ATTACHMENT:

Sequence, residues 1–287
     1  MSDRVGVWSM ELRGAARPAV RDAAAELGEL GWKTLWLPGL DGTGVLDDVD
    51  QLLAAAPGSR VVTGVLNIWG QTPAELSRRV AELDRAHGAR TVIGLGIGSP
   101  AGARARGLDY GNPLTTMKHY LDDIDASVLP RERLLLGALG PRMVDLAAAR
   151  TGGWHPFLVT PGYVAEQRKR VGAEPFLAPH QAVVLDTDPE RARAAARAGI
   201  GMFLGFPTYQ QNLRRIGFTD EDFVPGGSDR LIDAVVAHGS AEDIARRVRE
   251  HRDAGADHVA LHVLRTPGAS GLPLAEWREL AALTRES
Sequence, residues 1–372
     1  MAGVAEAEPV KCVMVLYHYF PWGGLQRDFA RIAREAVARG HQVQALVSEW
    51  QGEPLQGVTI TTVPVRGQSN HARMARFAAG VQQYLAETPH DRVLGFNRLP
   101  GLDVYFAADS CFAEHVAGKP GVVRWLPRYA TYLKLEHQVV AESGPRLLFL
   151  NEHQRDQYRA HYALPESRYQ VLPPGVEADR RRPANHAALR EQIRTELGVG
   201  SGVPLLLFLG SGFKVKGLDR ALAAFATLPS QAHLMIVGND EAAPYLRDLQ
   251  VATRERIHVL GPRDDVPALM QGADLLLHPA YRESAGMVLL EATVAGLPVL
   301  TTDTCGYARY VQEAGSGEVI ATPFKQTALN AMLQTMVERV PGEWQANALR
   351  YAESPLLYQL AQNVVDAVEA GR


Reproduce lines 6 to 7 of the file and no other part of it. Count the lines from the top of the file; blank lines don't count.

   201  GMFLGFPTYQ QNLRRIGFTD EDFVPGGSDR LIDAVVAHGS AEDIARRVRE
   251  HRDAGADHVA LHVLRTPGAS GLPLAEWREL AALTRES